This Thanksgiving just got a whole lot sweeter. Light, sweet crude oil coming from U.S. shale formations has helped push the national average gasoline price to a five-year low for the Thanksgiving holiday, according to AAA’s Fuel Gauge.
The national average gas price hit $2.81 per gallon on Monday, reports AAA, the lowest since Thanksgiving 2009 when gas was only $2.63 per gallon. Now 38 states can boast average fuel prices below $3 per gallon.
“Across the country motorists are enjoying low prices due to production exceeding demand and relatively few issues at local refineries,” AAA reports. “Consumers in South Carolina and Missouri are paying the nation’s lowest average price at the pump, $2.57 per gallon, and 38 states are posting averages below the $3.00 per gallon threshold.”
“On the other end of the spectrum, states located on the West Coast and northeast continue to lead the nation registering the nation’s highest averages, led by Hawaii ($3.91), Alaska ($3.54), New York ($3.20) and Connecticut ($3.14),” AAA notes. “For the third week in a row, the average price for retail gasoline is below $4.00 per gallon in every state and Washington, D.C.”
Thirty-six states and Washington, D.C. have seen gas prices fall five cents or more in the last week alone. Seven states have seen gas prices fall ten cents or more over this time period, according to AAA.
“Production continues to outpace demand in the Midcontinent, contributing to additional savings at the pump for states in that region,” AAA says. “The largest discounts are seen in Indiana, Michigan and Ohio, where the average price is down by 13 cents per gallon.”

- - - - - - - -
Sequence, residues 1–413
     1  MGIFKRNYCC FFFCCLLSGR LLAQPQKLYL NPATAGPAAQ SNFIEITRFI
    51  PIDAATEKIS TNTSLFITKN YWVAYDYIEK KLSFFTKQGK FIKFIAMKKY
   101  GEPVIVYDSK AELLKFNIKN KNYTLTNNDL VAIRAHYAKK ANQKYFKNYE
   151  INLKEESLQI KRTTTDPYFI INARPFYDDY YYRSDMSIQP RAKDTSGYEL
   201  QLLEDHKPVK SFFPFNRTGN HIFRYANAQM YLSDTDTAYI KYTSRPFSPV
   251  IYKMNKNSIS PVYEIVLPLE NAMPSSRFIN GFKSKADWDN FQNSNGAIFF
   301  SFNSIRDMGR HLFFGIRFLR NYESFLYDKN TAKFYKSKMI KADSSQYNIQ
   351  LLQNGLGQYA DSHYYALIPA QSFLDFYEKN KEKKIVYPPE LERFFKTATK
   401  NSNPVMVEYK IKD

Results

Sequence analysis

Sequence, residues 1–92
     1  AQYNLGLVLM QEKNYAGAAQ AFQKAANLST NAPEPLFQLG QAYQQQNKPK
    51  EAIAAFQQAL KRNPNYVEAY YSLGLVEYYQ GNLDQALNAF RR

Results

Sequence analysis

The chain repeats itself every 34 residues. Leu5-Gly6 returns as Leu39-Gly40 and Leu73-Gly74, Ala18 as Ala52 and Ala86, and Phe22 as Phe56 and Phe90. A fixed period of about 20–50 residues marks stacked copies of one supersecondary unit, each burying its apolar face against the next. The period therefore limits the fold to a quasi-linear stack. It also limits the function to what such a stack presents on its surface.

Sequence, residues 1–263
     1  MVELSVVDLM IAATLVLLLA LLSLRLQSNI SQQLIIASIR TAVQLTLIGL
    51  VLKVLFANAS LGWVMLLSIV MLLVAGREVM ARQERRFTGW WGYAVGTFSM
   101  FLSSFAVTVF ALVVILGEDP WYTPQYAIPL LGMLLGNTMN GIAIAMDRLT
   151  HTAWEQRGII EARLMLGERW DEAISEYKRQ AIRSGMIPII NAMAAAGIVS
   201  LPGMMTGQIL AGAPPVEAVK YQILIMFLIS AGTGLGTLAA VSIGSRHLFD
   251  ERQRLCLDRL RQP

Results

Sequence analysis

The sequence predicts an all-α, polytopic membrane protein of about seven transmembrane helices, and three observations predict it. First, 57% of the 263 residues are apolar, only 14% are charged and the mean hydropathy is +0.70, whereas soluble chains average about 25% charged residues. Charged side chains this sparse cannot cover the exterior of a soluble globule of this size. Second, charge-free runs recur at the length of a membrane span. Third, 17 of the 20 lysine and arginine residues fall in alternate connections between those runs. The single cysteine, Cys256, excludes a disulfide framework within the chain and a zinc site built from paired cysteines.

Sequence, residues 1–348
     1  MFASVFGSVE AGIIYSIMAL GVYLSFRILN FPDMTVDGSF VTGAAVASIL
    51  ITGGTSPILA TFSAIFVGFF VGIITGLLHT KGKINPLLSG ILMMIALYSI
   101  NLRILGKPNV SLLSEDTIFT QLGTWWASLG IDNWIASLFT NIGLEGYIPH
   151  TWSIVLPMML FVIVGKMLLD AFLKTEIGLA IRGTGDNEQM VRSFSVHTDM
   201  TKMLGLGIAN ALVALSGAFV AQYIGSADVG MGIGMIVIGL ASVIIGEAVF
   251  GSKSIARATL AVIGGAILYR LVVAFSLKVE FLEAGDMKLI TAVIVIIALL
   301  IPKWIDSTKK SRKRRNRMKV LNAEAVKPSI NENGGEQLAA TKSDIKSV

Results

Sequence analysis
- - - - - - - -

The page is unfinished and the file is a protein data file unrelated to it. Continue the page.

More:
This is definitely a boon to the more than 41 million Americans who will be driving to their Thanksgiving destinations this year, according to AAA. These drivers will be traveling 50 miles or more this week to celebrate and eat turkey with family and friends, which is only made sweeter by low gas prices.
But low gas prices may not be here to stay. OPEC is set to meet with Russia this Thursday while Americans are eating Turkey and watching football. Countries that rely on petroleum exports have been fretting that action needs to be taken to bring oil prices higher.
Oil prices have fallen 30 percent since June, eating into the finances of Russia and OPEC members. Saudi Arabia, OPEC’s largest member, has been under pressure to cut back producn in order to boost oil prices.
“We are going to discuss the market situation and some coordination,” Venezuelan Foreign Minister Rafael Ramirez told reporters on Tuesday, according to Reuters.
Iran is also scheduled to meet with world leaders to discuss possibly loosening sanctions on their economy, which has hampered their ability to sell oil abroad. Prior to western sanctions, Iran was one of OPEC’s top producer and lifting restrictions could dump more oil onto the world market, driving prices further downward.
“At the close of formal trading on Friday West Texas Intermediate (WTI) crude oil closed 60 cents higher at $76.43 per barrel,” AAA notes. “While oil prices did increase slightly to close out last week, WTI has now settled below $80 for three straight weeks – the longest streak since September 2010.”
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